Tuesday, April 7, 2009
The Best PSYOP Requires Innovative People
The working group for the PSYOP Branch Medal, now dubbed the McClure Medal, heard a number of suggestions as to who should be the honor’s namesake. One of the name’s that came up was new to me – Arthur T. Hadley. Seems Hadley was responsible for putting loud speakers on tanks in WWII as a means to get the Germans to surrender. (See his book Heads or Tails and/or a 2006 article in the New York Times where he worked (http://www.nytimes.com/2006/09/25/opinion/25hadley.html?_r=1). Also check out “Combat Loudspeakers”, an excellent article by LTC (R) Dennis Bartow, President of the PSYOP Organization at www.psywarrior.com/combatloudspeakers.html
Dubbed the “talking tank”, the weapon’s principle was a simple one: bring the information weapon into the battle. It seems logical enough -- an enemy’s motivation to surrender is in the heat of battle when the danger is greatest. Hadley employed the appeal of the Geneva Convention’s protection as his key message.
One of PSYOP’s greatest challenges today appears to be applying information power against the terrorist strongholds along the Afghanistan-Pakistan border. These are denied areas and the exact location of a target at any one time is likely to be elusive. If NATO forces could regularly ‘attack’ the hostiles with information in these highly elusive lairs, the impact is likely to be profound.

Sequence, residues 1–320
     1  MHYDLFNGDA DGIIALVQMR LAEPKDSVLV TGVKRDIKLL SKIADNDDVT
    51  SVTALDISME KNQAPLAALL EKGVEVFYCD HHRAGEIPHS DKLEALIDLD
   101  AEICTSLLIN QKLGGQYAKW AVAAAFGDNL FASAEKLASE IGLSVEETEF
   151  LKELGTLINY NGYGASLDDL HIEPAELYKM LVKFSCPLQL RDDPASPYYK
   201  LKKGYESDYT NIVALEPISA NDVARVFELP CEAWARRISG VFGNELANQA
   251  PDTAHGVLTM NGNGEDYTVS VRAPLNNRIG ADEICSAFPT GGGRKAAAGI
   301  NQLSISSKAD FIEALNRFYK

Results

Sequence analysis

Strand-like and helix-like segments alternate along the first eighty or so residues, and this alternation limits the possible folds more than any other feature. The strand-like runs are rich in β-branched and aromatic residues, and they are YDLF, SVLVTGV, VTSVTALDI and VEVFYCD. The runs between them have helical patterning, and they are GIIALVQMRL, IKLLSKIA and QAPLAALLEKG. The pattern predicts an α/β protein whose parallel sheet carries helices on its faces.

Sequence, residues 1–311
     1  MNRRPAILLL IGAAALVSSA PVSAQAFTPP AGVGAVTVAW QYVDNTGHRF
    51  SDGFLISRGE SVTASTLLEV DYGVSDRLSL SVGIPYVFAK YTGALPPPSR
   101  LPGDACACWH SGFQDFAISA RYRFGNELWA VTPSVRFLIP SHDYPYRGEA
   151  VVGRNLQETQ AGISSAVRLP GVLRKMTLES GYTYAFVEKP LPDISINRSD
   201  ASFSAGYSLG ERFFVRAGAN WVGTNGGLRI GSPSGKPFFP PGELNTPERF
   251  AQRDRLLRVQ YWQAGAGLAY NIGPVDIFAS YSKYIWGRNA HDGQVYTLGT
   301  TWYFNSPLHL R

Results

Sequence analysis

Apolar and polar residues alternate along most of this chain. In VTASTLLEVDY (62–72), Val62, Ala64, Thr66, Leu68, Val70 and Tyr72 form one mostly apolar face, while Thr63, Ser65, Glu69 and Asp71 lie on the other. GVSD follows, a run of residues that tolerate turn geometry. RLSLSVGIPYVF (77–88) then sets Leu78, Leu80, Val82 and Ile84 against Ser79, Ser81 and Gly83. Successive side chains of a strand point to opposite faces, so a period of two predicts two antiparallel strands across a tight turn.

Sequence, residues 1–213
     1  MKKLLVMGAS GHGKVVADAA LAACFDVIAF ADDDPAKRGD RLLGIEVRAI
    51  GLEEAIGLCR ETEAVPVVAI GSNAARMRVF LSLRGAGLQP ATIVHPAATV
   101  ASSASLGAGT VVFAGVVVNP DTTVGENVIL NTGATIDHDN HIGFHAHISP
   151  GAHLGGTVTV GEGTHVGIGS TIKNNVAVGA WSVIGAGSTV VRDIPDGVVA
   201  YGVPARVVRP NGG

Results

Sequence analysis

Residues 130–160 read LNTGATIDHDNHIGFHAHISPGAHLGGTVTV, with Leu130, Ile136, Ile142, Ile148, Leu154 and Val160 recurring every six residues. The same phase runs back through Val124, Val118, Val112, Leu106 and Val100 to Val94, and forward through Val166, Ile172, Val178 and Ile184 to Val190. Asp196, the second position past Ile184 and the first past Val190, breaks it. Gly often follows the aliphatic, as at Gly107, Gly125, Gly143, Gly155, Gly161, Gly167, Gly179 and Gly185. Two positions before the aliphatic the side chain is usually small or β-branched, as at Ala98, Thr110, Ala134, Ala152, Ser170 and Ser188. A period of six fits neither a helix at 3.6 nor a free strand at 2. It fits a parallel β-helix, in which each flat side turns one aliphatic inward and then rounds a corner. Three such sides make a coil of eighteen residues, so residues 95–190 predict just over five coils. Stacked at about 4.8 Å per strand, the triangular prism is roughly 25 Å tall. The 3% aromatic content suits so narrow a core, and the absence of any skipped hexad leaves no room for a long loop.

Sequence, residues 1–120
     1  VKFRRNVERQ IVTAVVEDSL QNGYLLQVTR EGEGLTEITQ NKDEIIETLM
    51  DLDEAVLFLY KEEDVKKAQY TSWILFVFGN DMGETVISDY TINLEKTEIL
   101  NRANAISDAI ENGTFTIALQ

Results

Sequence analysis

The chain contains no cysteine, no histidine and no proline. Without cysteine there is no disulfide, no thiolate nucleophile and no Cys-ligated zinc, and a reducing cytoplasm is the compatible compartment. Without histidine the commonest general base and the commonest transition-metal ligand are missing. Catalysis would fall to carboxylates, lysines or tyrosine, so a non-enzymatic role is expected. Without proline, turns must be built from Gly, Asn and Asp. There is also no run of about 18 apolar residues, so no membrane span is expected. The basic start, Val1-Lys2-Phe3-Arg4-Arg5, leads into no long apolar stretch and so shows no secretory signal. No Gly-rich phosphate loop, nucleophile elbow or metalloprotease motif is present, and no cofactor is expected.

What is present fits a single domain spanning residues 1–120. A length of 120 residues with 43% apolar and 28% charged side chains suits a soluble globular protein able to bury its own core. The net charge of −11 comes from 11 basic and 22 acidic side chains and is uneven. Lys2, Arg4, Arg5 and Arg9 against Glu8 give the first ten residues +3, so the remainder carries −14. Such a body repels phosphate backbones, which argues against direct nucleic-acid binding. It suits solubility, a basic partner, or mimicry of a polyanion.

The headlines are filled with comments concerning drone killing attacks (for example see: http://query.nytimes.com/gst/fullpage.html?res=9903E4D9153BF936A15751C0A96F9C8B63&scp=6&sq=pakistan%20remotely%20civilians%20protest&st=cse). Even successful kinetic attacks can go wrong because the enemy is perceived to have an information advantage and able to turn most attacks into offenses against civilians raising the hackles of the population and negating some of the positive impact.
Going to back to Hadley for a moment, the first article I cited contains this description: “Our broadcasts, then, took on the following structure: first, we’d outline what we knew about the German position; second, we’d describe the weight of artillery and air power that was about to fall on them; finally, we’d end with assurances that those troops who surrendered would be well treated under the Geneva Conventions.”
Desert Storm showed the success of a ‘direct mail campaign’ where ordnance and leaflets were mixed in a dramatic application of Hadley’s WWII formula. Suppose we could do the same in the Afghani theater, except we mix up the payloads so that the enemy isn’t really sure whether they will be hit by explosives or leaflets or electronic messages or ‘greeting cards’ with pre-recorded messages.
Of course there are some caveats. First of all the campaign must have a desired call to action - we want the bad guys to do something. Can we give potential sympathizers a way out? Can fighters defect from these camps without being shot? Developing an exit strategy for our potential targets is perhaps one of the more difficult aspects of this idea – but it is certainly worthy of thought as is the modification of airborne EW platforms for tactical PSYOP purposes such as this one.